We are currently engaged in producing a critical reader of the Congolese philosopher Valentin Yves Mudimbe. The volume will comprise a substantial scholarly introduction and 10 excerpts from Mudimbe’s writings, prefaced by short introductions by us. The book will chart the intellectual history of Mudimbe’s work, which began in the newly independent Congo to his more recent, well known scholarship in postcolonial studies written whilst at Duke university. As well as tracing the particulars of what was at stake in African thought in the 1960s, the Reader will narrate Mudimbe's involvement in more global philosophical debates around structuralism and anthropology in the 70s, through to his international interventions in debates on critical theory and the postcolonial. The Reader seeks to do something largely new: that is, to produce a concise history of the thought of a seminal African thinker in debates which are often viewed as mostly European and North American affairs. Bringing together and introducing Mudimbe's oeuvre from the 60s to the late 80s offers a unique opportunity to trace out the place of African thinking within the intellectual-philosophical history of the second half of the twentieth century, allowing us to plot and historicize the moves from structuralism to post-structuralism from a strikingly different, but equally important, perspective.
A crucial part of the originality of this project will be making available in English for the first time three essays by Mudimbe produced in the late 1960s and 1970s. With IATL funding, we will be teaching a series of seminars to students from the Departments of French and Classics, in which students, with a professional translator, will work on sections of Mudimbe's French texts, in order to produce reliable and scholarly English versions for the publication. The students will be actively involved in the production of exciting research that cuts across disciplines. The students will learn about the processes of linguistic and cultural translation as well as the technicalities of academic production. These seminars are designed to offer students an introduction to professional translation and to encourage them to think about further research possibilities in their own academic careers. The students will be fully acknowledged when the publication comes out, recording their participation and IATL support.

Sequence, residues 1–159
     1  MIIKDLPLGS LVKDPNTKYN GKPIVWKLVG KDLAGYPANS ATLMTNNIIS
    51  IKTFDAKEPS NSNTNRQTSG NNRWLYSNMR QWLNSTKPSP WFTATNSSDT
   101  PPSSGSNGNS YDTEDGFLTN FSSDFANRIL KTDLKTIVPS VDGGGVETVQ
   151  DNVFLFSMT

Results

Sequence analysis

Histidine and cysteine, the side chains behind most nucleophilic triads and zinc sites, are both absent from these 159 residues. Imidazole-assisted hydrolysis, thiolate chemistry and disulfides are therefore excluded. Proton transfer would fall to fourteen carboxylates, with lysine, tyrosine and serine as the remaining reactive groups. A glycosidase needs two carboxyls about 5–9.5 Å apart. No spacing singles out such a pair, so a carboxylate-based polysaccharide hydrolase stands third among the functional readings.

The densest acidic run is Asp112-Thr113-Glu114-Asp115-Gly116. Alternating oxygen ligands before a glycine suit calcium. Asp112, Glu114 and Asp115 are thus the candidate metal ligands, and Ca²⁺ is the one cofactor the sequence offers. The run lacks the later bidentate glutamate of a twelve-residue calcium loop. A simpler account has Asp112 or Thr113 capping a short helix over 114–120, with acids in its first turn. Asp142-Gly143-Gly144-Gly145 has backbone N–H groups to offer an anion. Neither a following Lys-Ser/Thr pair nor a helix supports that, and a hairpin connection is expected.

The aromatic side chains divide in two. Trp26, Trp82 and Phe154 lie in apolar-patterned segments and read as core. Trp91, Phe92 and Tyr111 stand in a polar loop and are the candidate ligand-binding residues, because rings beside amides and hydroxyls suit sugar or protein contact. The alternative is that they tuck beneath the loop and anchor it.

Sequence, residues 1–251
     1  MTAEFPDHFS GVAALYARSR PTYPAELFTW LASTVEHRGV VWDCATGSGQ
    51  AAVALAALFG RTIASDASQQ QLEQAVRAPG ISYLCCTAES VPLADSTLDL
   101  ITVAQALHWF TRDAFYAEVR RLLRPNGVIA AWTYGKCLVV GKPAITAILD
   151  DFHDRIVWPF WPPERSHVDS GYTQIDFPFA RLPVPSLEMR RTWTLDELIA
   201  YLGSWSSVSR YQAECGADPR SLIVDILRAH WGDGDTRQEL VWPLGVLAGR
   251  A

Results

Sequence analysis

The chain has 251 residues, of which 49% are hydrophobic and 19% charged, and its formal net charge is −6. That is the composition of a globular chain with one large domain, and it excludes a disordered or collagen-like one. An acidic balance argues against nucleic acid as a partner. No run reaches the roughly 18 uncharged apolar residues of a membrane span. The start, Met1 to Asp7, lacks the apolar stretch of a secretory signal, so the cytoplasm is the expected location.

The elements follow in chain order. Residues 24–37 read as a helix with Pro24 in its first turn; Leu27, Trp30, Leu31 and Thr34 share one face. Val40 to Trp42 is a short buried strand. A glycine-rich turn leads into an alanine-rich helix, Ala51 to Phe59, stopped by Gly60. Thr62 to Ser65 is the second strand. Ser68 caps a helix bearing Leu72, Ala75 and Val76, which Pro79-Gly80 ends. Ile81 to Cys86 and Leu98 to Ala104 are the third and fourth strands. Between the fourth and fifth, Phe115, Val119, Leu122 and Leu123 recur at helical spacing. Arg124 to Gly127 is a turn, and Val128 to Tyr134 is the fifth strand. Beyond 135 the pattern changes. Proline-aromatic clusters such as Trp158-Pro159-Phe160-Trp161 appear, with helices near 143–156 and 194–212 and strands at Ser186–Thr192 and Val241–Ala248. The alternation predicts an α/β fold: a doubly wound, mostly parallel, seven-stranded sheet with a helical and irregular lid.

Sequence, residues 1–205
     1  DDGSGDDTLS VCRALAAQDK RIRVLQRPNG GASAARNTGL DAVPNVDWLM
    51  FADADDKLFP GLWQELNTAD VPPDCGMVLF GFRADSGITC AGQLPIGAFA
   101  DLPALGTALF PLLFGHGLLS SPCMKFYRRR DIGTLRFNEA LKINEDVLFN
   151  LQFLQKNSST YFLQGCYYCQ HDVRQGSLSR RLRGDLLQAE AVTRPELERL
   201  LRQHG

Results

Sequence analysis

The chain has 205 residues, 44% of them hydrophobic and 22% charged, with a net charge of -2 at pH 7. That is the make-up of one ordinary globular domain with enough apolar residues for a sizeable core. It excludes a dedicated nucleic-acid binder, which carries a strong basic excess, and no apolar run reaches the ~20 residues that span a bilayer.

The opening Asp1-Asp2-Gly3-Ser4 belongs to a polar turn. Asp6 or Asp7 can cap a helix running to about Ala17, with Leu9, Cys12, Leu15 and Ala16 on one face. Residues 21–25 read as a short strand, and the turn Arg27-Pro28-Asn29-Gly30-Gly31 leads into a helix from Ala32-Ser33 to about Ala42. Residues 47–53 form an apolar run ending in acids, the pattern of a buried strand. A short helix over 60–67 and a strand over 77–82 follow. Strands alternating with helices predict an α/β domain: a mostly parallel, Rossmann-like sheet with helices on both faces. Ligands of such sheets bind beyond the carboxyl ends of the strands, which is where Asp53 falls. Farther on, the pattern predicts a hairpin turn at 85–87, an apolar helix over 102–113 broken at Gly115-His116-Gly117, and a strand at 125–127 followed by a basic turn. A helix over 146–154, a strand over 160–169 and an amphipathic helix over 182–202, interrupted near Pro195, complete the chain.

Pierre-Philippe Fraiture is Associate Professor (Reader) in French at the University of Warwick. His research focusses on nineteenth- and twentieth-century French and Belgian literatures, Francophone colonial and postcolonial literatures, especially sub-Saharan literature written in French.
Daniel Orrells is Associate Professor in Classics and Ancient History at the University of Warwick. He specialises in the study of the cultural and intellectual reception of antiquity in the modern world (eighteenth, nineteenth and twentieth centuries).